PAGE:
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The bladder is a hollow organ located in the lower abdomen. It receives and stores urine coming from the kidneys. Bladder cancer usually starts in cells that form the lining of the bladder.
Like other cancers, bladder cancer begins when damaged cells begin to grow out of control. Unlike normal cells, which live for a time and then die in the body’s natural renewal process, cancerous cells live beyond their normal life and begin to crowd out healthy tissue. In many patients, there has been some exposure to carcinogens such as cigarette smoking or occupational exposure.
Bladder cancer is typically not painful, but it can cause blood in the urine. To make a diagnosis, we may use these methods:
- Urine testing measures cancer cells in the urine.
- FISH testing (fluorescence in situ hybridization) is conducted on bladder tissue sample to determine if cancer is present.
- A cystoscopy looks at the inside of the bladder and urethra to check for adnormal areas.
- A biopsy collects bladder tissue for examination under a microscope to determine the presence of cancer.
- A bone scan determines if cancer has spread.
- Radiographic imaging stages the cancer at the time of diagnosis.
Bladder cancer specialists at the Indiana University Health Melvin & Bren Simon Cancer Center provide care to patients from throughout the United States. This extensive practice provides a level of expertise not easily found at other medical centers. Our knowledge and experience with rare forms of bladder cancers leads to better outcomes for patients.
If you are diagnosed with bladder cancer, a customized treatment plan will be created for you based on your health and the most current treatment recommendations for your type of cancer.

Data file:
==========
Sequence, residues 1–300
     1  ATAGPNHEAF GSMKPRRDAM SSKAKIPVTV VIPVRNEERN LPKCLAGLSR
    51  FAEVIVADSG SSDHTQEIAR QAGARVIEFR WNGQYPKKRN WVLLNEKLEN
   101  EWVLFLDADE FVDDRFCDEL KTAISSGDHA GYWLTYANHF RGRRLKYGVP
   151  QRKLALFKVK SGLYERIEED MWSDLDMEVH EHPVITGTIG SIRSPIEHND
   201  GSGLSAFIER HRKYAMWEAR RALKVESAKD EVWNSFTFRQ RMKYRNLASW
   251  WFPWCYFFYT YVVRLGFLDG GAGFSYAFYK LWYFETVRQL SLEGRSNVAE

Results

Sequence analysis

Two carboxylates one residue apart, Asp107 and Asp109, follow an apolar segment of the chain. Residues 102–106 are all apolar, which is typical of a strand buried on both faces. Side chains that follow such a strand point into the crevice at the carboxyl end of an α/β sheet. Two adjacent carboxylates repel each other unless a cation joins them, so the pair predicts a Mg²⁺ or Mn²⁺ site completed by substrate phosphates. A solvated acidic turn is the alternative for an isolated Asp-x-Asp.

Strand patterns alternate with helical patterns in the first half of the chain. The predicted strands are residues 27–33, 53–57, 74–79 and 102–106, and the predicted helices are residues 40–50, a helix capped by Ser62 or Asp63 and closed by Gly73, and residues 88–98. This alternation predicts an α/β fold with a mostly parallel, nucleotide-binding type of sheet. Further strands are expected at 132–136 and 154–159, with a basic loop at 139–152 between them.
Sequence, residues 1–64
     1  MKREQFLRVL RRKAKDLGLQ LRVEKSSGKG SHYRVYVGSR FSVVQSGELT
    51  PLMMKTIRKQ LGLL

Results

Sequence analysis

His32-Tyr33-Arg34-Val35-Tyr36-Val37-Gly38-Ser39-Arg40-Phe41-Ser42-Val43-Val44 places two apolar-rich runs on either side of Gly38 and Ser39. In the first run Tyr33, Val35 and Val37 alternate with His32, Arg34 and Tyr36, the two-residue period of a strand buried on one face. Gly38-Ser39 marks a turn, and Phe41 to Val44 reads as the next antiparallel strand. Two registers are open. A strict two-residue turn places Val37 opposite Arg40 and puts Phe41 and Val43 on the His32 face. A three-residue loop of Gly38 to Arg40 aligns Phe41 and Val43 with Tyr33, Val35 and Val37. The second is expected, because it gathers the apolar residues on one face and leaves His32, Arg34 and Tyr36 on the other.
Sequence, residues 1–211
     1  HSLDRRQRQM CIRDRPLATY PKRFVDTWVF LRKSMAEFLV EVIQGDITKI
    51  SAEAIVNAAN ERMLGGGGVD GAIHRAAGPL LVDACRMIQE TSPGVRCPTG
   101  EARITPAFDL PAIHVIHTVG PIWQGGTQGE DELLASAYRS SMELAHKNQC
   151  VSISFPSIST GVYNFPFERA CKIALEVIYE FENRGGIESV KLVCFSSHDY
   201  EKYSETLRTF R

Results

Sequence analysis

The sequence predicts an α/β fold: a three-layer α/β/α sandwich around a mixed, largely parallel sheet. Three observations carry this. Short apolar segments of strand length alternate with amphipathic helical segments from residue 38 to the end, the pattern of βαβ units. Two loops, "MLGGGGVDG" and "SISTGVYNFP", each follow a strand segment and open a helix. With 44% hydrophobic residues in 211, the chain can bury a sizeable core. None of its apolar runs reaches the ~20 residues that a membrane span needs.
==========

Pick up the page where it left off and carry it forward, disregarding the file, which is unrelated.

When appropriate, therapeutic options for bladder cancer can include one or more of the following:
- Surgery to remove the cancer.
- Chemotherapy to destroy cancer cells with drugs.
- Radiation therapy to destroy cancer cells, or keep them from reproducing by using high-energy, penetrating waves or particles.
Radiation therapy treatments can include:
- Computed tomography (CT) simulation. A radiation planning process using a CT scan to define tumor targets and internal anatomy in three dimensions, allowing the radiation oncologist to precisely target the tumor while saving healthy tissue.
- Four-dimensional CT simulation. A CT simulation also reveals internal anatomy changes (such as changes in tumor location with the breathing cycle), allowing the radiation oncologist to accurately target the tumor more accurately and further preserve normal, healthy tissues.
- Image guided radiation therapy (IGRT). Uses precise radiographic imaging to more directly treat tumors while sparing healthy tissue at each daily radiation treatment.
- Cone-beam computed tomography (CBCT). An IGRT technique that uses a limited CT scan prior to a daily radiation treatment to verify targeted internal anatomy in three dimensions before the treatment is delivered. This technique allows extreme precision of targeting the radiation beams.
- Three-dimensional conformal radiotherapy. Guided by a computer-generated three-dimensional picture of the tumor, which allows the highest possible dose of radiation while sparing healthy tissue.
- Intensity modulated radiation therapy (IMRT). Advanced radiation technology that uses a computerized optimization algorithm to aim radiation at targets located near radiation-sensitive tissue.
- Stereotactic body radiation therapy (SBRT). Special equipment is used to precisely deliver a large radiation dose to a tumor and not to normal tissue.
Our program is distinguished from others because of an enduring commitment to improving treatments for bladder cancer through research. We perform many clinical trials to find new technologies and medical therapies that can advance clinical care. Examples of current or recently completed trials include:
- Oral drugs to counteract the effects of narcotic pain medications and promote rapid recovery after bladder cancer surgery.
- New growth factor inhibitors to treat cancers of the bladder.
We maintain extensive research collaborations with researchers at Indiana University School of Medicine. These collaborations bring our patients the most advanced research and clinical care. More information about cancer research can be found on the Indiana University School of Medicine website.
At any given time, numerous clinical trials are active at IU Health Simon Cancer Center. Clinical trials test new drugs and other treatments that may be more effective than existing standards for screening, diagnosis and care. Depending on your diagnosis, you may have access to one or more of these trials.